This project explores how scientists and skilled workers sought to use microbes’ natural processes for making new products. Methods of microbial biosynthesis were ubiquitous in Japan, from miso-making in the kitchen, to soy-sauce mold starters and vitamins, and to monosodium glutamate and statins which scientists called “gifts from microorganisms.” In brewing houses as well as in the food, fine chemical, and pharmaceutical industries across the country, scientists and skilled workers came to study microbial life and to tinker with life as fermentation phenomena.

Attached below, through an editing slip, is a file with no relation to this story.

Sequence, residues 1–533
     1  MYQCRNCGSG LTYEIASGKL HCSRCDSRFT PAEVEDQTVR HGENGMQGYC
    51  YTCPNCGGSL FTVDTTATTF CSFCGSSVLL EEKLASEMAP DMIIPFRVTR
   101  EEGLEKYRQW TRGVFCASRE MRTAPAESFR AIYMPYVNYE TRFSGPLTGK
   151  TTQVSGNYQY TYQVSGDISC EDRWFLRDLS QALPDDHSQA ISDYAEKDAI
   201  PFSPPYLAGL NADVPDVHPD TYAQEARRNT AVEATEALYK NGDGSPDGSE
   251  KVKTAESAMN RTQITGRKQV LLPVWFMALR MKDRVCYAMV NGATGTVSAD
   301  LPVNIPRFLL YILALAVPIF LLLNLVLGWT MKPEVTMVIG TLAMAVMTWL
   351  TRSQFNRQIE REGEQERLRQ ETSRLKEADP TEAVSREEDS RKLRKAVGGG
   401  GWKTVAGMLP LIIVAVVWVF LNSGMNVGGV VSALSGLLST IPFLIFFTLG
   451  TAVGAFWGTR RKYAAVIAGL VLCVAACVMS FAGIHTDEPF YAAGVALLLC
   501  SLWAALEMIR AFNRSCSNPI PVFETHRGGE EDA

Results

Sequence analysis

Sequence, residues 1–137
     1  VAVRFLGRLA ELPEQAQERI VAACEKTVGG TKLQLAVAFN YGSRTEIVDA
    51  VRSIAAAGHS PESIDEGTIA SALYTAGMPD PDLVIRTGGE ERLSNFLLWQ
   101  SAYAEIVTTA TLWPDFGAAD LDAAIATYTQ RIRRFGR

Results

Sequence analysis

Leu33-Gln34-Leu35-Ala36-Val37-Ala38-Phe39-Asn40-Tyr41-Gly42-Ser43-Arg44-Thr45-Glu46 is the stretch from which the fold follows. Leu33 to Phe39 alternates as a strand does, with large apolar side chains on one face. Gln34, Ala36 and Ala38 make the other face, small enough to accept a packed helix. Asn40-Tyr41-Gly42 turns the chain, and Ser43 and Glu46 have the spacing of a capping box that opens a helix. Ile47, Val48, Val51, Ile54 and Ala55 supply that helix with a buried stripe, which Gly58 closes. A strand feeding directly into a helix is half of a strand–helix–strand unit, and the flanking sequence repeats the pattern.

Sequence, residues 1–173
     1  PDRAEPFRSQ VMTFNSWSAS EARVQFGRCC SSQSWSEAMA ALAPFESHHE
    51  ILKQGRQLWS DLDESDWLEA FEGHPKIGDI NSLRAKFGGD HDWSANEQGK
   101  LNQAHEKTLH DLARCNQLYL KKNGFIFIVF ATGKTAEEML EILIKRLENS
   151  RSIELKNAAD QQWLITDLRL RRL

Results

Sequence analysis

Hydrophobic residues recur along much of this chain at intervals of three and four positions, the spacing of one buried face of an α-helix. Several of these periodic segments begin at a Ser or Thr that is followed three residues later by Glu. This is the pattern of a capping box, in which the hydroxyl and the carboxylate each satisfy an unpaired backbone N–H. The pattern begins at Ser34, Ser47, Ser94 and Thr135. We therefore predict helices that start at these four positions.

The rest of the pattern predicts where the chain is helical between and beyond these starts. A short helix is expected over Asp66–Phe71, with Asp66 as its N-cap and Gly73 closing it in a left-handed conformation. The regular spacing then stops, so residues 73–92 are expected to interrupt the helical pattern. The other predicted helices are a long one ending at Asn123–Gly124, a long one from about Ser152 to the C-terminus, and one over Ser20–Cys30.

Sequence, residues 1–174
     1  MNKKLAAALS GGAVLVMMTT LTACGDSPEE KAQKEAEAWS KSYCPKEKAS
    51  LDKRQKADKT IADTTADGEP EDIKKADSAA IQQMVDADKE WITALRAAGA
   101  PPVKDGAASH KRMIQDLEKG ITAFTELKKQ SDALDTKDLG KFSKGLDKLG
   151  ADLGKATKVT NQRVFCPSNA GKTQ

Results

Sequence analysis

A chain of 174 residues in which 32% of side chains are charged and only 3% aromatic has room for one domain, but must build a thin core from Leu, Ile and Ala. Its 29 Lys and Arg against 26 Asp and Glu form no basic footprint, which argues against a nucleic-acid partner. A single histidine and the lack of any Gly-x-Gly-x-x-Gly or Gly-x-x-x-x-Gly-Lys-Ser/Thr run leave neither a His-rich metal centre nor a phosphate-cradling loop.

How did an approach to life as fermentation expand in scope beyond small-scale and traditional industries to a multitude of scientific and industrial fields, from the turn of the twentieth century to the 1960s? I examine the significance of material and intellectual continuities with premodern Japan. Moreover, I reconstruct how fermentation scientists managed the problem of scale, as they aimed to enhance or repress specific micro-processes in cells for the purpose of recalibrating wider agricultural, industrial, and nutritional ecologies in society. How did they draw out the possibilities of what microbes as living things could do? I trace how such broader debates on environmental management impacted material culture at the level of food, resources, and medicine in Japan.